Young minds at risk

Harsh words from The Chicago Sun Times\"Have we as a society become so desensitized that the idea of children accessing hard-core pornography in a children\'s library does not bother us? I sincerely hope this is not the case.\"
I\'m afraid it is. And the library profession defends it as acceptable, if not desirable, behavior.More from the times

I\'m speaking, of course, about the American Library Association, with headquarters in Chicago, which has conjured up a litany of bogus reasons why this kind of child abuse should be tolerated. The litany includes the fictions that filters don\'t work; that parents can oversee their children\'s computer use 24 hours a day; that libraries, as if they had no judgment, stocked their shelves with everything anyone wanted to see, and that only a minority of patrons (including children) use the porn sites. Even if the last point is true, it ignores the existence of the many patrons, including children, and staff who, unexpectedly or against their choice, are exposed to such sites.

Over time, I\'ve made the same points about the ALA\'s policies, which are similar to the points made by the Federal Trade Commission on Monday about how the entertainment industry promotes violence. To me, the ALA\'s policy constitutes the same kind of malevolent child abuse. But each time I\'ve made the point, I\'ve been accused of being a boorish right-winger.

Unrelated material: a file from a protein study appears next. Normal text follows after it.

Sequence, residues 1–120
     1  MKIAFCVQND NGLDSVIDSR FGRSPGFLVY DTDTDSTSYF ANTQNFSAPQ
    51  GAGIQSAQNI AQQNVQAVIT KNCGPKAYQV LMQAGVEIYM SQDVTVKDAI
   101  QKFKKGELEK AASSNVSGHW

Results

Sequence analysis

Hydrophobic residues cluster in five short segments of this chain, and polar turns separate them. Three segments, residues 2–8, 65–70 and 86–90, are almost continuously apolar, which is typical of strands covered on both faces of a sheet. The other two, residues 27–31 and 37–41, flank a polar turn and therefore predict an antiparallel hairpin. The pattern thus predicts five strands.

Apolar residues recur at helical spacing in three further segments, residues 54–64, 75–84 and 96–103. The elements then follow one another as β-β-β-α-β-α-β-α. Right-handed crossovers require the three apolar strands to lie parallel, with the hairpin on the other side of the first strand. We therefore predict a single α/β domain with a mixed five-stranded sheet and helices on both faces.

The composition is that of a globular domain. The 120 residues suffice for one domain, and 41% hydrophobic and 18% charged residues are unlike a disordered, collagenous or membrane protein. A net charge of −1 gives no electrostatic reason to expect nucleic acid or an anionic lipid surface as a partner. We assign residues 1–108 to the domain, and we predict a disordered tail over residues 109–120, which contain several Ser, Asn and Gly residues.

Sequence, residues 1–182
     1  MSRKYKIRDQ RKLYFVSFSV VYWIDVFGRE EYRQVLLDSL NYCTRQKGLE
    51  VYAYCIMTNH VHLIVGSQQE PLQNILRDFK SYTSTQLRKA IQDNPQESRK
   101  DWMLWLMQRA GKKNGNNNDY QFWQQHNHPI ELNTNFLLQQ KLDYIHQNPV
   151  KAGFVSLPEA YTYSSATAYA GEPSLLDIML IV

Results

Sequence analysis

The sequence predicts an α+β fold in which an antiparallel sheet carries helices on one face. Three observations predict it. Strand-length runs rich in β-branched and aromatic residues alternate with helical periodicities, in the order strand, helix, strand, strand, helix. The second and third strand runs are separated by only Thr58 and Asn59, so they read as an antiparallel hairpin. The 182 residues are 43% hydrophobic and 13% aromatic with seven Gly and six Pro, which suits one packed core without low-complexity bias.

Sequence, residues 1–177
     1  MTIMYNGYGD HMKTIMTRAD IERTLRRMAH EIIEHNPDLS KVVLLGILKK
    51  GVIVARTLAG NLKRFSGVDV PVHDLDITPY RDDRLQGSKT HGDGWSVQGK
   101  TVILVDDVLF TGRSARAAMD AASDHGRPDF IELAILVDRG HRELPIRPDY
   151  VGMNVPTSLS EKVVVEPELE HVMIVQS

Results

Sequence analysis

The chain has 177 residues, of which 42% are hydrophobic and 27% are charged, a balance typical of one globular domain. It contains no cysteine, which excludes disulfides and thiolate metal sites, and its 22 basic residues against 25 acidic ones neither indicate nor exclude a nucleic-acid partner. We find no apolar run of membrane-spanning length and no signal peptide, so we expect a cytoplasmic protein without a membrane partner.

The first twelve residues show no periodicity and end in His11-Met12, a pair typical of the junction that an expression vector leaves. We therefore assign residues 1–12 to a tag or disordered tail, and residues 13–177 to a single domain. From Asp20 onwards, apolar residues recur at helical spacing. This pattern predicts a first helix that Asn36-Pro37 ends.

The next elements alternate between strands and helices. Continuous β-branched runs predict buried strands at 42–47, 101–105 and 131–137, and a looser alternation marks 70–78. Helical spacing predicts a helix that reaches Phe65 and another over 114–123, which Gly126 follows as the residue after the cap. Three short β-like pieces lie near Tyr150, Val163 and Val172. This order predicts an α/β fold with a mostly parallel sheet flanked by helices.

Morgan says she is honored to work for the Chicago Public Library, \"one of the finest in the nation.\" But, she adds, \"the [ALA] hierarchy and some others in the library profession are doing their best to fight any state or federal mandates for Internet filtering. I believe they represent a radical view that is not shared by the majority of librarians or the public. While they will try to marginalize outspoken people like myself as right-wing extremists, I am proud to say that I have always considered myself a liberal.

Syndicate content